There should be little doubt about who should win the National League's Most Valuable Player award.

Any hard look at the NL statistics shows one player who, were he famous, would run away with the balloting -- leaving the likes of Dave Kingman, Mike Schmidt, Bruce Sutter, Dave Conception and even sentimental favorite Willie Stargell far behind.

However, it would be a shock if Keith Hernandez, the first baseman of the St. Louis Cardinals, wins. It would be a surprise even to him.

"Pete Rose and Willie Stargel have come over to me and told me that I should be MVP without any doubt," Hernandez said today. "But frankly, I'll be pleasantly surprised if I get it."

Hernandez's teammate, and his hero, Lou Brock, is even more candid.

"Keith doesn't stand a chance," said Brock. "The wrong person will probably win again. In the last 20 years it seems that the award has gone more and more to a player off a pennant winning team, even if that is not one of the award's prerequisites."

Brock knows all about the anonymity of playing with the young Cardinal teams of the late '70s. The Red Birds have one of the flashiest and most talented regular lineups in baseball -- led by Hernandez and shortstop Gary Templeton -- but, because of a pitching staff that has not turned the corner to excellence, the Cards are still a third-place club.

Nonetheless, Hernandez's season deserves a proper warble of praise, a short sweet song sung from a high bough.

In the American League, a proper case can be made for both Don Baylor of California and George Brett of Kansas City, if we emphasize actual performance and are not overly impressed with team won-lost records. In fact, Baltimore's Ken Singleton, and even Royal catcher Darrell Porter, would have superb MVP credentials in a large majority of seasons.

In the senior circuit, however, who can deal with Hernandez with his .342 average, 206 hits, 114 runs, 105 RBI, 46 doubles, 69 extra-base hits, 307 total bases and 290 times on base.

Hernandez's most impressive stat is, unfortunately, a figure ignored by the multitude: runs produced (runs plus RBI, minus homers). Hernandez has 208 runs produced -- for more than anyone else in the National League, where Dave Winfield of San Diego ranks second with 190.

If much of Hernandez's line-drive hitting excellence, not to speak of his fielding, which won him a 1978 Gold Glove, is obscured by the fact that he has only 11 homers, he has had one showcase opportunity in recent days.

For two weeks, Hernandez has been trying to hold off the charging Rose for the batting title.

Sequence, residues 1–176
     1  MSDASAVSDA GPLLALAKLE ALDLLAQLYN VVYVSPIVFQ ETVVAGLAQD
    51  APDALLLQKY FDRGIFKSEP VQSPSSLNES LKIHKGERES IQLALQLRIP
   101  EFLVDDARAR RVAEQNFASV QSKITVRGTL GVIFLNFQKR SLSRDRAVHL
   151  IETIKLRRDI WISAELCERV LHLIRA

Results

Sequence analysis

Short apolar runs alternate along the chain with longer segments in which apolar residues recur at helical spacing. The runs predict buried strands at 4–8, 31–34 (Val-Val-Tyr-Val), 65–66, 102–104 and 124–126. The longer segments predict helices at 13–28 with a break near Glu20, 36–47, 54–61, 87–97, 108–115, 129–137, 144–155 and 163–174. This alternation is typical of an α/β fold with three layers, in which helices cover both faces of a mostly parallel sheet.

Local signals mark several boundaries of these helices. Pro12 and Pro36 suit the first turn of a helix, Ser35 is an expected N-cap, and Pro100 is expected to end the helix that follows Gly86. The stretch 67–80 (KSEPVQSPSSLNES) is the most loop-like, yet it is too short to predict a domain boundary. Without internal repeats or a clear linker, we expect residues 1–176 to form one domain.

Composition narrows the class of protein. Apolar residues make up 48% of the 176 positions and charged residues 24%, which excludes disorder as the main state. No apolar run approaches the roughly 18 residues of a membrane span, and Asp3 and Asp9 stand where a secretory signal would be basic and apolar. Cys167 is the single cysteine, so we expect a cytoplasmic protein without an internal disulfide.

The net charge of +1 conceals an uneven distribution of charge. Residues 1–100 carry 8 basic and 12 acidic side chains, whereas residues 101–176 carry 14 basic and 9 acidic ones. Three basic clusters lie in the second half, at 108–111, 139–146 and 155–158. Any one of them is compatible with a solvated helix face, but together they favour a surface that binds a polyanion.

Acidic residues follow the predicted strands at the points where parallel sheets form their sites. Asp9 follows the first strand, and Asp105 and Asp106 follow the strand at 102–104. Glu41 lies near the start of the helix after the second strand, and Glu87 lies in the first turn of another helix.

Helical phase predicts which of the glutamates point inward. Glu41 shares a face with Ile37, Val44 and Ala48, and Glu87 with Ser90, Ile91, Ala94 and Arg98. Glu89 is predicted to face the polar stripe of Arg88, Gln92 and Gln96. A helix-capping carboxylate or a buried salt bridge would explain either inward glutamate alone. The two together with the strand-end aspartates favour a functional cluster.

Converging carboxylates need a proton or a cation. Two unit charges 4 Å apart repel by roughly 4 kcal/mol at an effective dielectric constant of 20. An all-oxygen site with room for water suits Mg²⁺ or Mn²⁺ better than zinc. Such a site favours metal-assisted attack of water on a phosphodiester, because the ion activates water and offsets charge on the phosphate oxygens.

"I saw him coming," said Hernandez. "He kept putting out the word that he was going to get me if I went into a slump."

Hernandez, who grew up in San Francisco with a father who was a minor league ballplayer and fulltime fireman, loved every minute of his duel with Rose.

"It was my first real test of pressure," he said. "Pete and I played six games against each other in the last 10 days. Since we're both first basemen, we'd talk constantly every time one of us got on first base."

At one point, Rose closed the gap to six points. "In every game, Pete'd get a hit first and put the pressure on me," Hernandez said. "I really felt it. He gained on me in five straight head to head games. When he's right in front of you, you can't ignore him. He's like a charging bull."

In one game last week in St. Louis, Rose was awarded a hit on an extremely dubious call. When Charlie Hustle got to first, Hernandez was ready for him.

"How can you get a hit like that in my town?" said the 25-year-old with the flowing hair. "You just keep pushing me, Pete. Make me earn it. But you better be ready to come up over .340 to get me, 'cause .340 is it. That's as low as I'm comin' down."

"Then you got me," replied Rose. "I've got too many at-bats to bring my average up that high."

Hernandez proved to be right.

"Pete awarded me the silver bat last night," Hernandez said today. "I went one for two and Pete went 0 for five. I got a hit for the first time, and Pete felt a little pressure.

"He said, 'You're 14 points up with four to play. I can't catch you,' " said Hernandez. "Someday, I'm sure I'll tell my grandchildren about battling Pete Rose for the batting title. And I'll have that silver bat over the mantle."

Hernandez, who entered this season with a .274 average for his first 1,700 at-bats in the major leagues, admits that, "I never dreamed I could hit .340. I felt I could hit .300 but there's a world of difference in getting up to the .340s. That's a lot of poling."

As long as the 6-foot, 185-pound Hernandez has his silver bat and his Gold Glove -- to go along with his league leadership in runs, doubles (47) and perhaps hits -- he will not worry much about the MVP.

Hernandez, who wears a "Lou 3,000" T-shirt to go with his ancient painting streaked jeans, has studied Brocks' composure in dealing with the ebbs and flows of erratic fame.

"It's easy to lose your privacy and it's easy to lose yourself," said Hernandez. "I enjoy it on the road, that nobody ever recognizes me. At home in St. Louis, a few people say hello and I enjoy that and try to be nice to them. It's a good mix. As long as I know, and the people in the game know, what I've done this year, that's enough."

Hernandez may, indeed, acquire some of that grace Brock carries so easily.

"My book is finally closed," said Brock, who, after yet another "Farewell, Lou Brock Day" here, has three games left in his career. "I've gotten the 3,000th hit, batted .300 (.307), had a new baby and been to the White House."

In fact, Brock even broke the last record he craved -- Billy Hamilton's 19th century mark of 937 career stolen bases, set back when going first to third on a single was considered a steal. Brock got his 939th last weekend.

"Now, there's no 'before' and 'after,' " said Brock. "There's just me. No asterisks or explanations. That makes it nice and clean."